Coach Pop may be a covert stat geek
Gregg Popovich is a simple man. He likes fine wine and defensive basketball. On the surface, his gruff demeanor gives the impression that he has little time for the Scott Seredays of this world.
Or so we thought.
Before the Spurs’ 109-84 win over the New Orleans Hornets, Coach Pop was holding court for a few minutes in the innards of the AT&T Center in his typical (and league-mandated) fashion. One of the gathered writers asked Coach Pop about the continuing use of DeJuan Blair in the starting lineup.
“He’s finding his way. He’s trying to figure out where to be in relation to everybody else,” Coach Pop said. “With all those crazy stats people do these days, that group comes out a big plus. It’s hard to argue with it.”
Who are you and what have you done with Gregg Popovich?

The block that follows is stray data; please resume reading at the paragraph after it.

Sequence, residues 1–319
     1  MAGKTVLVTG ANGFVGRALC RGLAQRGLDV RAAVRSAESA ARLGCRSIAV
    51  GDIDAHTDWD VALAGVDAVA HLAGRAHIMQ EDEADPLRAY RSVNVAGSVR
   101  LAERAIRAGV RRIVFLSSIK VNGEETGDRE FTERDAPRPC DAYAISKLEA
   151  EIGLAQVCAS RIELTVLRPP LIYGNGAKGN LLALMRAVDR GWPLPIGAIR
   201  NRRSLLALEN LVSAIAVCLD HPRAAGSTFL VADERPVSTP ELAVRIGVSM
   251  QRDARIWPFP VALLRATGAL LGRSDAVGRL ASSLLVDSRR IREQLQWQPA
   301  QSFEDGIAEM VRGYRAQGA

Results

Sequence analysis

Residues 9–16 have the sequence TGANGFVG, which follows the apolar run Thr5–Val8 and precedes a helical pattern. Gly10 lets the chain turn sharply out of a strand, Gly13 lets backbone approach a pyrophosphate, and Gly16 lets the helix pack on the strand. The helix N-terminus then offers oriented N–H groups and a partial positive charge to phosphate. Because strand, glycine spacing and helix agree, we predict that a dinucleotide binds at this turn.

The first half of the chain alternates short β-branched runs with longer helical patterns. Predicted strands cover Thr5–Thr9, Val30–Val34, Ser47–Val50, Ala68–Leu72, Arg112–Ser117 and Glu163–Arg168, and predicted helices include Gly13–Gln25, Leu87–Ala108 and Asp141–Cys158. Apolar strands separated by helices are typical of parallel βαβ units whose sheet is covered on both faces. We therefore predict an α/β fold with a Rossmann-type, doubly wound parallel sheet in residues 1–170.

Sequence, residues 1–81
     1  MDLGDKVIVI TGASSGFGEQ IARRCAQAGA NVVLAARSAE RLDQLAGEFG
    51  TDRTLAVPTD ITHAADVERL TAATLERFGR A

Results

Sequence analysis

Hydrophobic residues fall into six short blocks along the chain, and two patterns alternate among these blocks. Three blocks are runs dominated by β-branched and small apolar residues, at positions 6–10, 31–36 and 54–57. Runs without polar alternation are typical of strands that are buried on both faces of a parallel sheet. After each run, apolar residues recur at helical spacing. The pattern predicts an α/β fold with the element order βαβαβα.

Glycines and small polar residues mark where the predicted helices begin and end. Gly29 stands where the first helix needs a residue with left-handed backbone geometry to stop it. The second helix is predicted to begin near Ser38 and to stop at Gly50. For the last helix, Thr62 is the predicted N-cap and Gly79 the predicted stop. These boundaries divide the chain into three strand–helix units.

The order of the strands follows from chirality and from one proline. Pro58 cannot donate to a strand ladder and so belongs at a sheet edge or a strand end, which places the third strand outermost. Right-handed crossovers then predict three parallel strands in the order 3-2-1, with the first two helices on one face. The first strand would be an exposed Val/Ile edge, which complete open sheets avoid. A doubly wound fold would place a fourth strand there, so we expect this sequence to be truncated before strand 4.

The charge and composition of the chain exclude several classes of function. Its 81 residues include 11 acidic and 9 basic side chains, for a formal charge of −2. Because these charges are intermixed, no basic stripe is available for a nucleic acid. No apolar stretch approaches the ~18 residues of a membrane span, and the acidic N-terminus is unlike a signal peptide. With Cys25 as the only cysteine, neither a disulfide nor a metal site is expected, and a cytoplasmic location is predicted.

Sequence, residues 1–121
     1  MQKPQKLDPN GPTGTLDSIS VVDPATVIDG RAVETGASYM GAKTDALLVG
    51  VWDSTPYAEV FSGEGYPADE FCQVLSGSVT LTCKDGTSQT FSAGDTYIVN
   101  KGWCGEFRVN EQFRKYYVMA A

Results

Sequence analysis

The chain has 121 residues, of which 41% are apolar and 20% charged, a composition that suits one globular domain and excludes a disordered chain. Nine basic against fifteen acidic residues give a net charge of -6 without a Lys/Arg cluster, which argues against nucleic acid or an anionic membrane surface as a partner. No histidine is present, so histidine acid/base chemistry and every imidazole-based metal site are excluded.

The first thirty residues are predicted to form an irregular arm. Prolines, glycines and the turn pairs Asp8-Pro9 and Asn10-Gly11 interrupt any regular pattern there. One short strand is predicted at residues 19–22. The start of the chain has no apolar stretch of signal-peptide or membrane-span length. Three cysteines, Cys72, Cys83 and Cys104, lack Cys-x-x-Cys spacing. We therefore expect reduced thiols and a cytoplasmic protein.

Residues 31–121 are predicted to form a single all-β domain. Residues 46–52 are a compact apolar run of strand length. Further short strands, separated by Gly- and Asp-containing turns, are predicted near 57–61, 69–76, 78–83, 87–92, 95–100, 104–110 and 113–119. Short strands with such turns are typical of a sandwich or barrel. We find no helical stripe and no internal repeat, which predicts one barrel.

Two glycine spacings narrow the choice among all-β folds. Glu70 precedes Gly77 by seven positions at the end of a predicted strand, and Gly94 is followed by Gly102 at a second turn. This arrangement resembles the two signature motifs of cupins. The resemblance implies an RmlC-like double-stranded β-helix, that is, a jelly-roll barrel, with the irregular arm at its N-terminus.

This Bizarro Coach Pop is right. Both 82games.com and Basketballvalue.com have the Spurs’ starting lineup of DeJuan Blair with Tony Parker, Tim Duncan, Manu Ginobili and Richard Jefferson as one the team’s most effective lineups.
To be fair, though,Â lineups featuring McDyess instead of Blair and Bonner instead of Blair and also very effective. So the foundation for excellence could be determined more by the other four players than Blair, but that doesn’t change the fact that the lineup featuring Blair is statistically excellent.
The Spurs have advanced stats guys on the payroll. But I never in my wildest imagination thought that Gregg Popovich would listen to them. I was told that the only stat he cared about was field goal percentage. What are they shooting? What are we shooting?
But by his own admission, Pop at least hears what is said to him regarding other statistics. And in this case, he uses it to justify keeping DeJuan Blair in the starting lineup.
Next thing we know, Jerry Sloan — the oldest of the old-school — will be talking about Al Jefferson’s effective field goal percentage. Then there’s nothing to stop the statistical revolution from taking over.